Europe

UK's May won't say whether she knew of reported missile fail

FILE - In this file photo dated Monday, Dec. 4, 1989,  a Trident II missile launched by the U.S. Navy during a performance evaluation from the submerged submarine USS Tennessee in the Atlantic Ocean off the coast of Cape Canaveral in Titusville, Fla., USA. According to Britain's Sunday Times newspaper published Sunday Jan. 22, 2017, an unarmed nuclear test missile fired by a British submarine off the coast of Florida in 2016,  misfired and the failure was allegedly covered up ahead of a debate in Parliament on the future of the Trident missile system. British Prime Minister Theresa May has refused to say whether she knew about the reported failure. (AP Photo/Phil Sandlin, FILE)

FILE - In this file photo dated Monday, Dec. 4, 1989, a Trident II missile launched by the U.S. Navy during a performance evaluation from the submerged submarine USS Tennessee in the Atlantic Ocean off the coast of Cape Canaveral in Titusville, Fla., USA. According to Britain's Sunday Times newspaper published Sunday Jan. 22, 2017, an unarmed nuclear test missile fired by a British submarine off the coast of Florida in 2016, misfired and the failure was allegedly covered up ahead of a debate in Parliament on the future of the Trident missile system. British Prime Minister Theresa May has refused to say whether she knew about the reported failure. (AP Photo/Phil Sandlin, FILE)  (The Associated Press)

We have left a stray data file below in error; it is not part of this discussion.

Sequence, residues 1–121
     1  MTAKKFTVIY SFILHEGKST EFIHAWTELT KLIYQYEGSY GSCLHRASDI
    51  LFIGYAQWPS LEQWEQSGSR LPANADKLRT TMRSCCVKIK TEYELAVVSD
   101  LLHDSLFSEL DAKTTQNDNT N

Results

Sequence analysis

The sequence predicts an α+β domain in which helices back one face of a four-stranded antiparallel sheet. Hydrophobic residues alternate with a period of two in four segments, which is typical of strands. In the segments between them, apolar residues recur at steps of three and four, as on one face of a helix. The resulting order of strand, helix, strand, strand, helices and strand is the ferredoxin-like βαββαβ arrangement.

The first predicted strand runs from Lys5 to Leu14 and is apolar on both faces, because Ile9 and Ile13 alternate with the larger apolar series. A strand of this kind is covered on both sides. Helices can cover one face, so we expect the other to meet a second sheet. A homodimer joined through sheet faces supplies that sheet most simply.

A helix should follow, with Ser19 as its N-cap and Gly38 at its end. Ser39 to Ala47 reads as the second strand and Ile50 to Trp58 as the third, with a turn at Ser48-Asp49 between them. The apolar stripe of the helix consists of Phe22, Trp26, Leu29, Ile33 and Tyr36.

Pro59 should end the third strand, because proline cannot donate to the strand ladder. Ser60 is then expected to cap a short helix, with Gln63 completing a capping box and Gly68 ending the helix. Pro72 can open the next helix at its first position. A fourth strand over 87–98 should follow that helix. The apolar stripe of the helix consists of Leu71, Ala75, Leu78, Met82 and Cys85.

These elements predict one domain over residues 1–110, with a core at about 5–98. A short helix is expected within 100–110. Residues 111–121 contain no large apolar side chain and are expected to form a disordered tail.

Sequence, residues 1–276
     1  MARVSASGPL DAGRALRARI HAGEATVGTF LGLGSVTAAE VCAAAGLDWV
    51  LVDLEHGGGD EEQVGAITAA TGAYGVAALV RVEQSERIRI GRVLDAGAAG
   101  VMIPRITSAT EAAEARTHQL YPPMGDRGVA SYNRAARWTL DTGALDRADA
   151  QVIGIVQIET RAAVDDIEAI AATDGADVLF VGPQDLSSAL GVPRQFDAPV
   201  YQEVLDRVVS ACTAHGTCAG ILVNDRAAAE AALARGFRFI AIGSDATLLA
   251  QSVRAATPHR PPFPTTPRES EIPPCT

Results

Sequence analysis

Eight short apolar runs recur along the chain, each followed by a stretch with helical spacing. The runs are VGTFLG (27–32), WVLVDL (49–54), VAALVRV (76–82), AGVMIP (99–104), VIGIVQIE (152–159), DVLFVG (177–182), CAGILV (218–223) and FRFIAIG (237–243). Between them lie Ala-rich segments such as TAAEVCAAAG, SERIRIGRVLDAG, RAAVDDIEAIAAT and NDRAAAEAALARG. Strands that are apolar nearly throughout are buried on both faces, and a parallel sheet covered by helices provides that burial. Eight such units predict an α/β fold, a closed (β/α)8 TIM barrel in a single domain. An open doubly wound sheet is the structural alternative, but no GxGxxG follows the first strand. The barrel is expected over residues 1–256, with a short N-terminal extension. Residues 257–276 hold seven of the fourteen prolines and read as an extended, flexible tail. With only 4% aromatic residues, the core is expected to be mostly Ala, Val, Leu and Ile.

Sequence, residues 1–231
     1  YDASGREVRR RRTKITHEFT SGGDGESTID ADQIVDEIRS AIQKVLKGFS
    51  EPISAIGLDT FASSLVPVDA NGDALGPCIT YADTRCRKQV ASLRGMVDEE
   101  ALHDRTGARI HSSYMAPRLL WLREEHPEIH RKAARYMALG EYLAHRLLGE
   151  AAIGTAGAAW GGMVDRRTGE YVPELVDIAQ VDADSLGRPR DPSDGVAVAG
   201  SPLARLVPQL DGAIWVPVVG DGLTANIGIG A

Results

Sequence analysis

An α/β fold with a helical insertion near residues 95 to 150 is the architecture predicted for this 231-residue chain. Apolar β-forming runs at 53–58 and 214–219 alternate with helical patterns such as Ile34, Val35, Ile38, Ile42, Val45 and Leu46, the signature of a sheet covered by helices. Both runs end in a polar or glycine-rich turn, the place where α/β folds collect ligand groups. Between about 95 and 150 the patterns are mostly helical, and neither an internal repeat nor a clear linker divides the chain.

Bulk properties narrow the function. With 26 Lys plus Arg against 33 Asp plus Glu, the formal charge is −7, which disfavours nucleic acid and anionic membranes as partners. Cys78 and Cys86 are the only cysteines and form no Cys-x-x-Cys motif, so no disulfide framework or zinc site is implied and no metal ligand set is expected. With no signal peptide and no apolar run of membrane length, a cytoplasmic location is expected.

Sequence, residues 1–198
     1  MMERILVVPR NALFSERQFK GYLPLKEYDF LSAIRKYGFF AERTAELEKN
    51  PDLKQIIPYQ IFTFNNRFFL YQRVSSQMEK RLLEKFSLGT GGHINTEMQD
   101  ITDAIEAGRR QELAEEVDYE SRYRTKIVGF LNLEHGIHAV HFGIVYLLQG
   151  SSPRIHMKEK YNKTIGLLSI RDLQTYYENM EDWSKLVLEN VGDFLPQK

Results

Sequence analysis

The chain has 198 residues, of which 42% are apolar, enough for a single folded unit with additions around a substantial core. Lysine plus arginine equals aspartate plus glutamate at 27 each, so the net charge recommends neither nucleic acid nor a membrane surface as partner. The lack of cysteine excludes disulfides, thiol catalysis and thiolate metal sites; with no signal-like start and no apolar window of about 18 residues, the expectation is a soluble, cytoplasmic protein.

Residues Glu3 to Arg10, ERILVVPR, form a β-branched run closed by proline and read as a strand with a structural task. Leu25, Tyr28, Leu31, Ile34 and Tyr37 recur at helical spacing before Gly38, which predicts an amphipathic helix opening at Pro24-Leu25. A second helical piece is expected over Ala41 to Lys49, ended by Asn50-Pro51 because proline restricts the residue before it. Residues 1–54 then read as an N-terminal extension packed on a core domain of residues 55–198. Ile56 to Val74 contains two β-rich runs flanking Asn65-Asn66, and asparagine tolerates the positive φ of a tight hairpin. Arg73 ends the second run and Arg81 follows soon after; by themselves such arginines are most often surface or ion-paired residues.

British Prime Minister Theresa May has refused to say whether she knew about the reported failure of an unarmed nuclear test missile fired off the coast of Florida last year.

May told BBC on Sunday she has "absolute confidence" in Britain's nuclear deterrence system, but didn't reply directly when asked about the alleged misfire.

The prime minister was asked about the missile test after the Sunday Times reported that an unarmed missile launched from a submarine off the Florida coast in June veered off course and toward the United States.

The newspaper said the failure was covered up ahead of a debate in Parliament on the future of the Trident missile system.

The British government has not confirmed the newspaper's report of a misfire. Some opposition legislators seek an inquiry.